This post on hippie faux-beggars by Borepatch got me to remembering.
Back in the 1980's, when I was young and still somewhat un-jaded, I was on a motorcycle trip across the country. I had been camping out along the way, and cooking my meals on a small Coleman stove that I carried in my saddle bag until the stove malfunctioned and nearly burned down the nation's first solar-powered rest area in Sundance, Wyoming. That's another story, of course, but the end result of that memorable afternoon was that I fled the rest area with a non-functioning stove and a fair amount of canned food that could not be cooked. A few days later, as I pulled off of a highway in some west-coast town to get gas, I saw a man standing next to the off-ramp with a cardboard sign that read: "Will work for food". Well I'd not seen this before, and being young and still somewhat un-jaded, I instantly felt compassion for this poor guy who didn't want money but merely food. Recalling the food in my saddlebag that I really couldn't use, I decided that it would be most charitable and decent of me to help this poor hungry guy out. So I stopped next to him, opened my saddle bag, and pulled out my bag of food.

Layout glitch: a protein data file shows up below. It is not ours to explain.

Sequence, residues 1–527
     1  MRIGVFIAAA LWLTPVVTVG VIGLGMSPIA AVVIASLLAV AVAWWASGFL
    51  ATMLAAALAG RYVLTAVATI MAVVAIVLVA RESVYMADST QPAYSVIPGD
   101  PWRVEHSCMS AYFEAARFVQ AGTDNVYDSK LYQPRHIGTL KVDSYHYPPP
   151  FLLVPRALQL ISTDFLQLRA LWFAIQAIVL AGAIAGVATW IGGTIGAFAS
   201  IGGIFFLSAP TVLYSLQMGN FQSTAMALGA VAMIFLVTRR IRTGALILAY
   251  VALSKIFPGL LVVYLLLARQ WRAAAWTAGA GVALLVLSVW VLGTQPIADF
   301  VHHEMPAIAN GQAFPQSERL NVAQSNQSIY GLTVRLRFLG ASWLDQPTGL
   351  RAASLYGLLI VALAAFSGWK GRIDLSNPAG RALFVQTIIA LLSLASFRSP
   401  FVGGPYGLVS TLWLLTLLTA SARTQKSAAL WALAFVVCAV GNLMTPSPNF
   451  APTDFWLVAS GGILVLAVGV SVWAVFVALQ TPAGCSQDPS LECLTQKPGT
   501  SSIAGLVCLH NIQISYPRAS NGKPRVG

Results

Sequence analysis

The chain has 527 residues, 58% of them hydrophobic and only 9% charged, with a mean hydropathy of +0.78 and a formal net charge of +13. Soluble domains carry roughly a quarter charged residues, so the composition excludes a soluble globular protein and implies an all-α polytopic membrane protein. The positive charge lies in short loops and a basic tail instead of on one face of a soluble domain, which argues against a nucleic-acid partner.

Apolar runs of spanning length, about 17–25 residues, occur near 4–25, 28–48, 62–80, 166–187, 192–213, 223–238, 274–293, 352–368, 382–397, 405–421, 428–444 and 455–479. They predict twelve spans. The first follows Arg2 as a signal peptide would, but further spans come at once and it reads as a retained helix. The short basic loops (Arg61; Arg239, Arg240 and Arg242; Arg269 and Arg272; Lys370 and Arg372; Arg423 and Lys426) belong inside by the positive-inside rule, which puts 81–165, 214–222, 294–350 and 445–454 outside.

I still remember the look of surprise on the man's face when I handed him what was probably two or three days worth of decent eating. "What's this?" he asked, clearly puzzled.
"It's food," I replied, smiling. "You obviously need this more than I do, so you take it. Good luck!" Then, feeling all pleased at myself for having done something good for someone in need, I went around the corner and down the road a bit to the gas station.
Ten minutes later, having bought gas and used the bathroom, I returned back to the highway on-ramp. The guy was gone, but guess what was still lying in the ditch? That's right...two or three days worth of perfectly good food. Only now the cans were smashed and bent, as if he'd thrown them down and/or stomped on them. It was all needlessly ruined and I didn't even bother picking them back up. And it's been more than twenty years and I've never given so much as a nickel to one of these panhandlers again.